The war Israel is fighting against terrorism is not the same war the United States is fighting. The origins, responsibilities, and resolutions of the two are distinct and U.S. identification with Israel's war seems only to bring greater conflict to the Middle East.
Prime Minister Ariel Sharon's December 2 visit with President George W. Bush, with its photo-op handshake, signaled U.S. assent to Israel's current policies. If we are to be an honest broker, we must maintain a greater distance from Sharon. Sharon was unexpectedly headed back to Israel because of three suicide bombings in which twenty-five were killed and many injured. The continuing Hamas suicide bombings are horrible, and in that sense, yes, terrorism is terrorism whether it occurs in New York or Jerusalem. But what about Israeli incursions into and shelling of Palestinian areas? What shall we call them?
Though Arafat is responsible for the current intifada, Sharon shares with him responsibility for the downward spiral of violence. Arafat was foolish to let the settlement offered in summer 2000 pass without negotiations. The subsequent election of Sharon has pitted two hard-liners against one another, both engaged in politique du pire. There are people in Israel and in the Sharon administration as ready to drive the Palestinians from the West Bank as there are Palestinians wanting to drive Israel from the Middle East. Continuing Israeli settlement of the West Bank and Gaza; expropriation of Palestinian land by means legal and not; the destruction of Palestinian homes and the military occupation of Palestinian areas; the uprooting of olive tree groves by Israeli settlers and their terrorizing and shooting of Palestinian civilians; the disruption to daily life by Israeli checkpoints—none of these is as dramatic as suicide bombers. But, taken together, they have many of the same effects: Palestinian children are shot in the street and blown up coming from school; civilians are directly targeted and wounded or killed; Palestinians are driven to despair. Americans have so long been Israel's ally that we have blinded ourselves to the degree that the Israeli government and the settlers oppress the Palestinian people.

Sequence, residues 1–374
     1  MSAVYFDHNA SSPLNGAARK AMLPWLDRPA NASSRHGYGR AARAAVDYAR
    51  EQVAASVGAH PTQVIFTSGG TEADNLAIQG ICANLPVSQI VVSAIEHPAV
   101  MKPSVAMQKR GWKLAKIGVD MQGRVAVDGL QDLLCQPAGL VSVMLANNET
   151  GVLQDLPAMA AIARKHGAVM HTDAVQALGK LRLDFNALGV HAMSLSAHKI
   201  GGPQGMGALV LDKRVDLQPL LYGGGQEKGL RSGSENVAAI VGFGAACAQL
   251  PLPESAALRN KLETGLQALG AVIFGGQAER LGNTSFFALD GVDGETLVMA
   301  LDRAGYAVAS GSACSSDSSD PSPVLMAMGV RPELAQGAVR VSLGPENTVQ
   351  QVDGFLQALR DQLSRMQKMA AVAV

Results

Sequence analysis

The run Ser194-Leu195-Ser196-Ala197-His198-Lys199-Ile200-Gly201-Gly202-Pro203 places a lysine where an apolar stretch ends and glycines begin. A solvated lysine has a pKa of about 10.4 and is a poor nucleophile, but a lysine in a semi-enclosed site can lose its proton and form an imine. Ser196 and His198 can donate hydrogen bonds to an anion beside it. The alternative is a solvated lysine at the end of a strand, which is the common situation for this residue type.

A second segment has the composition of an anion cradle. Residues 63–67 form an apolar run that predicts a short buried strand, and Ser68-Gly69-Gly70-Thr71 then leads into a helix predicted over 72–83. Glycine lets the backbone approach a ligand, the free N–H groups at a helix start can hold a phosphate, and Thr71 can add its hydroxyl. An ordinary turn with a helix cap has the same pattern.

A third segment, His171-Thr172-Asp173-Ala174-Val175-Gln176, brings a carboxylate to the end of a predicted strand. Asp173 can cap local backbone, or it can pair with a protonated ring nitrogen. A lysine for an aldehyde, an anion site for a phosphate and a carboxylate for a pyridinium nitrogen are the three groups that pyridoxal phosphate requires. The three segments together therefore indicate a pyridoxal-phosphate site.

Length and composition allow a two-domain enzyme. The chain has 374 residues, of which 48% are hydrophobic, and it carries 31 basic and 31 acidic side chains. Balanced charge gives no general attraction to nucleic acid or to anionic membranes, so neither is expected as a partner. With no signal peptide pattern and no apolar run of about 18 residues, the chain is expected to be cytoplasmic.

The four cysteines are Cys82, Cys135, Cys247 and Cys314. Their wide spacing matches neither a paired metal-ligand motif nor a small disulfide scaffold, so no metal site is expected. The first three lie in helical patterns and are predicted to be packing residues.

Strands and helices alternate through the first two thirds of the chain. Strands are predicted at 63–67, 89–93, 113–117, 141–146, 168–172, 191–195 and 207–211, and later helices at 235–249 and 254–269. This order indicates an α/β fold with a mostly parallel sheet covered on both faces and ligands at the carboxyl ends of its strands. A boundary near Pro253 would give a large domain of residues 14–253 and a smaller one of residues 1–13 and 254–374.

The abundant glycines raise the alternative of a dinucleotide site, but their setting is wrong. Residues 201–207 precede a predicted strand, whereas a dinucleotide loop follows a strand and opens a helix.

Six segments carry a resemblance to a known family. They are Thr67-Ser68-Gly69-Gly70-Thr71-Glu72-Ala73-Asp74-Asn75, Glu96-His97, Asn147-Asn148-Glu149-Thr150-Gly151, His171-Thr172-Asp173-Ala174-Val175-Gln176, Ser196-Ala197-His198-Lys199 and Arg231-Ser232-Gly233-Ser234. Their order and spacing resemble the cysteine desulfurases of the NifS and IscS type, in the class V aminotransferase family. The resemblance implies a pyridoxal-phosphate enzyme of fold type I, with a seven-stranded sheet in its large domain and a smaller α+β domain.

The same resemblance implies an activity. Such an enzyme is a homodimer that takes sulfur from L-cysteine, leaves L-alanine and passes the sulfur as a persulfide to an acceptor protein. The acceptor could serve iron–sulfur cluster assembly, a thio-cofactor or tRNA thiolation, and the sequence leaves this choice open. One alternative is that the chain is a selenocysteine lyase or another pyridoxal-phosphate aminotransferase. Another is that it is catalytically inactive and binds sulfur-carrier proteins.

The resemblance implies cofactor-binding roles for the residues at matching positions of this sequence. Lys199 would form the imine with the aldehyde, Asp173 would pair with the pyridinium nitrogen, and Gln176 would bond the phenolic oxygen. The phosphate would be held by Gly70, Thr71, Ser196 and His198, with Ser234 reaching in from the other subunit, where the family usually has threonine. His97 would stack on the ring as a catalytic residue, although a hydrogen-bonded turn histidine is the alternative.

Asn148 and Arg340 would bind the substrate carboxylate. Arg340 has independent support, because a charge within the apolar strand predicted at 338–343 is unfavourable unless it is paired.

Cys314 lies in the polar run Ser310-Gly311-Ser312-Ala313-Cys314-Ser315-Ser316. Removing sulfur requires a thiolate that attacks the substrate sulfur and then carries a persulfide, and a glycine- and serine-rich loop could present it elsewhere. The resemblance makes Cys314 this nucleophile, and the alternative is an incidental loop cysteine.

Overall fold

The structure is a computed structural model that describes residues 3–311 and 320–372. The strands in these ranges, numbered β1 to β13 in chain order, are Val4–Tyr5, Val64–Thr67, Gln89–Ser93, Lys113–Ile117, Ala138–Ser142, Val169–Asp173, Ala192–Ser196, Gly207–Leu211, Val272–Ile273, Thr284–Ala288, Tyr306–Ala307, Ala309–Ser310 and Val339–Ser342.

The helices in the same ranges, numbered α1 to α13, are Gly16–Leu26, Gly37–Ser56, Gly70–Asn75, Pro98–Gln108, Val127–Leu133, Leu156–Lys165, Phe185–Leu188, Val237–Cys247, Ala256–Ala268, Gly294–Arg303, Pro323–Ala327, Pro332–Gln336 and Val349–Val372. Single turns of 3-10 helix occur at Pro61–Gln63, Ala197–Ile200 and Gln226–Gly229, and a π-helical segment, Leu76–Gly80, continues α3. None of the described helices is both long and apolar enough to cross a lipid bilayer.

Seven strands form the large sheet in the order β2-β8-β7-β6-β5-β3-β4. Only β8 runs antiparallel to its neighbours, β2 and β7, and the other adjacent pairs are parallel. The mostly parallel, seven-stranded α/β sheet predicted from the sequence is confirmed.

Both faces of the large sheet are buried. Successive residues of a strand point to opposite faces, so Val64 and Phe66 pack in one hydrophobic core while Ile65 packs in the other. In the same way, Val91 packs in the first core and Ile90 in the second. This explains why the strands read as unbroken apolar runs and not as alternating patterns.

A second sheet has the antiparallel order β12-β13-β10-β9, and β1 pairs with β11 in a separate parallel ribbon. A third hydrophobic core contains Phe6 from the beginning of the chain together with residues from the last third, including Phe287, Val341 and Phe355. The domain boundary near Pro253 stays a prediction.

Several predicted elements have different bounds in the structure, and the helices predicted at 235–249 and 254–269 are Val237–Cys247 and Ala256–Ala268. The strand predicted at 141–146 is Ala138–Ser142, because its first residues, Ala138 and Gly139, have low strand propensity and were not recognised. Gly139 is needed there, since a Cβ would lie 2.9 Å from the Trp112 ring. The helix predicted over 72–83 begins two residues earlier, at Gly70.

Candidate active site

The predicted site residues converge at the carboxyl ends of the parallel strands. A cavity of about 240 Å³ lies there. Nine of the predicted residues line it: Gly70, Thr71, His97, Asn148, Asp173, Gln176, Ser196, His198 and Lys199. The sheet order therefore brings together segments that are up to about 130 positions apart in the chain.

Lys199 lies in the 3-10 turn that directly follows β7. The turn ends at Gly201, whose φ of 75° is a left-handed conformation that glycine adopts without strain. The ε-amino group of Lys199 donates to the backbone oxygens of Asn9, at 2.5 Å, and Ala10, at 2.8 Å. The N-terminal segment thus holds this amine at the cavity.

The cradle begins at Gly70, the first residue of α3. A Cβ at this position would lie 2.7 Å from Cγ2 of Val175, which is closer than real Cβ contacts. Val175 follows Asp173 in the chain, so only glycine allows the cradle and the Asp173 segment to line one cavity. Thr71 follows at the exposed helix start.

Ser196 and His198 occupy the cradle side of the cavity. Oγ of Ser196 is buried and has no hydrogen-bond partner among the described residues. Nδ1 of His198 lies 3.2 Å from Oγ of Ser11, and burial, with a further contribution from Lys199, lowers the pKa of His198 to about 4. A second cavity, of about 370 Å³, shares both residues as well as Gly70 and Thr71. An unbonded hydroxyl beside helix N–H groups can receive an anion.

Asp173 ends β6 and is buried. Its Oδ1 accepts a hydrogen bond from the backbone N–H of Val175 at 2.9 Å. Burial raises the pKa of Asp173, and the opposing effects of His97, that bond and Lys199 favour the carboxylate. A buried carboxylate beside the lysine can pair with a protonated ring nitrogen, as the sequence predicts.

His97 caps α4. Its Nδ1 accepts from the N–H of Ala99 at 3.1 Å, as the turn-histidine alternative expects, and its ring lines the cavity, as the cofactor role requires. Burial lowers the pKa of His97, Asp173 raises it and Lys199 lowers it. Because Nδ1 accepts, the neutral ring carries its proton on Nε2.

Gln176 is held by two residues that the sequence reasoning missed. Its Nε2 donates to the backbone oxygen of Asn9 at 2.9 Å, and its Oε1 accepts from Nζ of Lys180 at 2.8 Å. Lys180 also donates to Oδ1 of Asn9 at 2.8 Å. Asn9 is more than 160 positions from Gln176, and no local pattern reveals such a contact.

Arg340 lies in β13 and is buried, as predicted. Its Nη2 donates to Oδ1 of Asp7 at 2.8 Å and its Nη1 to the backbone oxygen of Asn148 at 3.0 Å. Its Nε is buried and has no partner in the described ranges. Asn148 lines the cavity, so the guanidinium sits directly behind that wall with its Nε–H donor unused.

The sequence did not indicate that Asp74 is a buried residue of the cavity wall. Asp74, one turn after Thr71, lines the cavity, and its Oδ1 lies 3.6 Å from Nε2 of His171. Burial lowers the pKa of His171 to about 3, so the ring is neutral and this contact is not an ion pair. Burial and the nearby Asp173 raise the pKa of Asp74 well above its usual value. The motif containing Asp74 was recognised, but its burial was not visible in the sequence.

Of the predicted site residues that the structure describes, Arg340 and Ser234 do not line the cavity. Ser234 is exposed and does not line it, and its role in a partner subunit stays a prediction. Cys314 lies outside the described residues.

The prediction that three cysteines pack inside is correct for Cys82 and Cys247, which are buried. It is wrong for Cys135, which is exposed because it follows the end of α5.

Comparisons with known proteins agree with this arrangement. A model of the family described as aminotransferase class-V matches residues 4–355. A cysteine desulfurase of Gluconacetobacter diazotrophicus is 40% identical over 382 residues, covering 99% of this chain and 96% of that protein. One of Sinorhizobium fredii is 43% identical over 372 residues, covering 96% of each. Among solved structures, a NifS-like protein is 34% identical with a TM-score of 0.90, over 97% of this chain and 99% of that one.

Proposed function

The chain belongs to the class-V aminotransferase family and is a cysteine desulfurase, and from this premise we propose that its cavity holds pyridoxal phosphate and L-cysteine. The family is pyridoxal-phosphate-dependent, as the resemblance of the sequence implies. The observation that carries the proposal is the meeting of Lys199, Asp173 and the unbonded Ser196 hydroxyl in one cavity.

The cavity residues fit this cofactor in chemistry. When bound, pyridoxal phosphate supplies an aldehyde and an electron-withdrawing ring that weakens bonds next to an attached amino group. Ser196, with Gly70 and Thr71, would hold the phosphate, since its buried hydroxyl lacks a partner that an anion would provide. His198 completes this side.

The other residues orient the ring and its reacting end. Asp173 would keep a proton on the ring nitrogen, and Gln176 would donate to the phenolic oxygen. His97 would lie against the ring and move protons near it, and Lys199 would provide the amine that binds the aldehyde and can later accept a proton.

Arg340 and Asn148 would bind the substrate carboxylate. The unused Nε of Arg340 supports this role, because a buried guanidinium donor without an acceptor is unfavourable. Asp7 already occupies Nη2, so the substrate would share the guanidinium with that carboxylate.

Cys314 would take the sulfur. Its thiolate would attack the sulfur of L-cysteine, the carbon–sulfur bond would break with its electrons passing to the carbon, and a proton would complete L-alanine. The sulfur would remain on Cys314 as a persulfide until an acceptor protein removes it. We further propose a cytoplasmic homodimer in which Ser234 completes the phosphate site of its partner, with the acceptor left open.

The Israelis, confident of U.S. support, will press their military and economic advantage, perhaps succeeding at what the most radical parties want—possession of the whole of the West Bank, perhaps Gaza, and the expulsion of the Palestinians. Dethroning Arafat, which now appears to be Sharon's policy, will give Hamas ever greater authority, but to what end? The Palestinians, despairing of ever emerging from this struggle, will only increase their suicidal intransigence.
A cease-fire and negotiations must be pressed once again. The United States, Canada, the European Union, Egypt, and Jordan, along with other willing states need to draw the warring sides into a sober consideration of their downward path. If credible and forceful international calls for a cease-fire are not heeded, then sanctions against both parties should be considered. The Bush administration closed down the U.S. Holy Land Foundation, which sends money to Hamas schools and social services, on charges that these funds also support terrorist activities. What of similar funds to schools in Israel that teach that the West Bank is an inalienable part of the biblical patrimony and must be part of the nation of Israel? What about philanthropic funds to Israeli settlers who build illegally in East Jerusalem, Gaza, and the West Bank? The longer this conflict continues the more gruesome the outcome, the more Israelis and Palestinians will adopt the most brutal tactics of the other.
December 11, 2001